I'm no NIMBY but…

greengate

It’s not so long ago that the government’s major political push concerned letting local people decide on local matters – it was called Building the Big Society wasn’t it? I presume from the decision last week to allow the construction of yet more housing in my village of Long Preston in Ribblesdale that the Big Society idea has now been abandoned.
Residents didn’t want any more housing, the Parish Council were against the development and the Highways Department objected to plans for the site. However, the Yorkshire Dales National Park’s appeal inspector, Norfolk-born musician William Weston, gave the go-ahead for the development.
Well, at least the park authority can can say to the faceless Whitehall bureaucrats ‘look what good boys and girls we are, we’ve ticked one of your required boxes’ and provided some ‘much-needed’ and also ‘affordable’ housing.
Hands up anyone who knows what ‘affordable’ means in the context of housing.
The site on Green Gate Lane lies within the Long Preston Conservation Area and I have to admit it is currently a little run down, but that in itself doesn’t necessarily mean it must be turned over to a developer who then makes a fat profit at the expense of a lot of misery to others.
We are talking here of 13 houses – maybe not a lot for a town but a fair percentage of a small village – perhaps 300 extra cars journeys per week down a single track lane which joins on to School Lane (self explanatory) then on to the busy A65 (which in Long Preston alone feeds 30+ direct vehicular accesses).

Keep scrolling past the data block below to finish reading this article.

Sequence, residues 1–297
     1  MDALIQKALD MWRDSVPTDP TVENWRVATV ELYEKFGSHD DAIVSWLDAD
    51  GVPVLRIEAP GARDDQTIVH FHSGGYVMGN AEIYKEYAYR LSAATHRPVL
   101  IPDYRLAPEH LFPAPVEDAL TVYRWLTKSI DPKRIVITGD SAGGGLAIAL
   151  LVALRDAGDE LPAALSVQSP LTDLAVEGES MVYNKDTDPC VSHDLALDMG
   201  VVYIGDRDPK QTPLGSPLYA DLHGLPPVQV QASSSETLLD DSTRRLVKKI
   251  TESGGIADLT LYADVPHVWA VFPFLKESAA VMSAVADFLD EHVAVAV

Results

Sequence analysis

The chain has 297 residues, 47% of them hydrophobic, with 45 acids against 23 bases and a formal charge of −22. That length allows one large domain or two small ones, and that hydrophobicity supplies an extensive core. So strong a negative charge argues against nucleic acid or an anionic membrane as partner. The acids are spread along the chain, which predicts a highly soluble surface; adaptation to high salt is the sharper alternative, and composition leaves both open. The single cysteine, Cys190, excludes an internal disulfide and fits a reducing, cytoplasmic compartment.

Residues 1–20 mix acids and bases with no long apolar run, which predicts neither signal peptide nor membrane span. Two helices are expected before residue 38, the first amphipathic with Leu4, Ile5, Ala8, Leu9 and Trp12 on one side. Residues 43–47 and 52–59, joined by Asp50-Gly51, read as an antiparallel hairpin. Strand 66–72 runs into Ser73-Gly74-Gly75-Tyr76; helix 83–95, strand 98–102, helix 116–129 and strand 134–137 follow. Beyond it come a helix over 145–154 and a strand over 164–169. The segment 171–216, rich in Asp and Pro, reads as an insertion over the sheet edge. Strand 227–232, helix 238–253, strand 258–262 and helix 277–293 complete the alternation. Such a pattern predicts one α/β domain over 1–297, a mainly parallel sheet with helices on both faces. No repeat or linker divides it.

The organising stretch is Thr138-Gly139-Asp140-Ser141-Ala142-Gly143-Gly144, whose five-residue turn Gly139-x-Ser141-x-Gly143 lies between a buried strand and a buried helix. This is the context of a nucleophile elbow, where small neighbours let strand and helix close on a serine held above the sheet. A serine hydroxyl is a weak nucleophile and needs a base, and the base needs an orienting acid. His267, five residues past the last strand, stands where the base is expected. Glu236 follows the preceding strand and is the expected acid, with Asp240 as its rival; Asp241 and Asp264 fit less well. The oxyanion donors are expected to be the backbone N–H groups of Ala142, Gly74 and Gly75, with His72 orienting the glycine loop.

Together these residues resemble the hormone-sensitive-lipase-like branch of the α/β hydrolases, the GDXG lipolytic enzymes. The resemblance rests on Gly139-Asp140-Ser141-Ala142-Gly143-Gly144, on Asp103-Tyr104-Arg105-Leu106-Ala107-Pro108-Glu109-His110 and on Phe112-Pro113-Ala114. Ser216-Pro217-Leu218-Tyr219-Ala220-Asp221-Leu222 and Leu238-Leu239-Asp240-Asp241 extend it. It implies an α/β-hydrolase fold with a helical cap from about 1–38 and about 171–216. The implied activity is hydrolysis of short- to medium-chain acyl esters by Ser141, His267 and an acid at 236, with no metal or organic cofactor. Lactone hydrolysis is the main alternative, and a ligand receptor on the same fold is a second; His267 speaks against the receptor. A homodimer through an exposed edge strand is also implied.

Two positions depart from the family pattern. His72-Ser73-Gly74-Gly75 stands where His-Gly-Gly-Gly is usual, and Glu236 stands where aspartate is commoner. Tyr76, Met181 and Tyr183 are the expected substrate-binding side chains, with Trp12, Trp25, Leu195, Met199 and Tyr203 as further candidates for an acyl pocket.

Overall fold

The cottage on the left of my photo at the junction between School Lane and Green Gate Lane was partly demolished by a wagon trying to negotiate a left turn a couple of years ago.
The authority claims there isn’t enough housing in the National Park yet hundreds of properties in Long Preston and elsewhere in the Dales are second homes or holiday lets. Local estate agents are packed with houses for sale. And what is the point of building more houses when there have been very few new jobs created in the vicinity for donkey’s years, and also the schools and authorities are scratting round for funds and resources.  I know first hand that  slow internet connections in the Dales drastically prohibit the creation of new businesses for employment.
I get the feeling that the park cares little for Long Preston – you’ll not see one of those quaint little sheep motifs signifying you’re entering the National Park in this village, despite Long Preston being the park’s ‘gateway’ from Lancashire.
I wonder what the planners’ decision would have been had someone applied to turn the site into a horse riding centre – or even a ‘horse hotel’ for the newly designed Pennine Bridleway which passes close by – which would certainly have benefited the community? Or how about a proposal for a youth centre or hard-play area for local children? Unfortunately these wouldn’t have ticked any boxes.
The thin edge of the developing wedge was pierced into Long Preston a few years back and it is now pushing open the door even further. I’m no NIMBY, I care about fair play and this Dales community.

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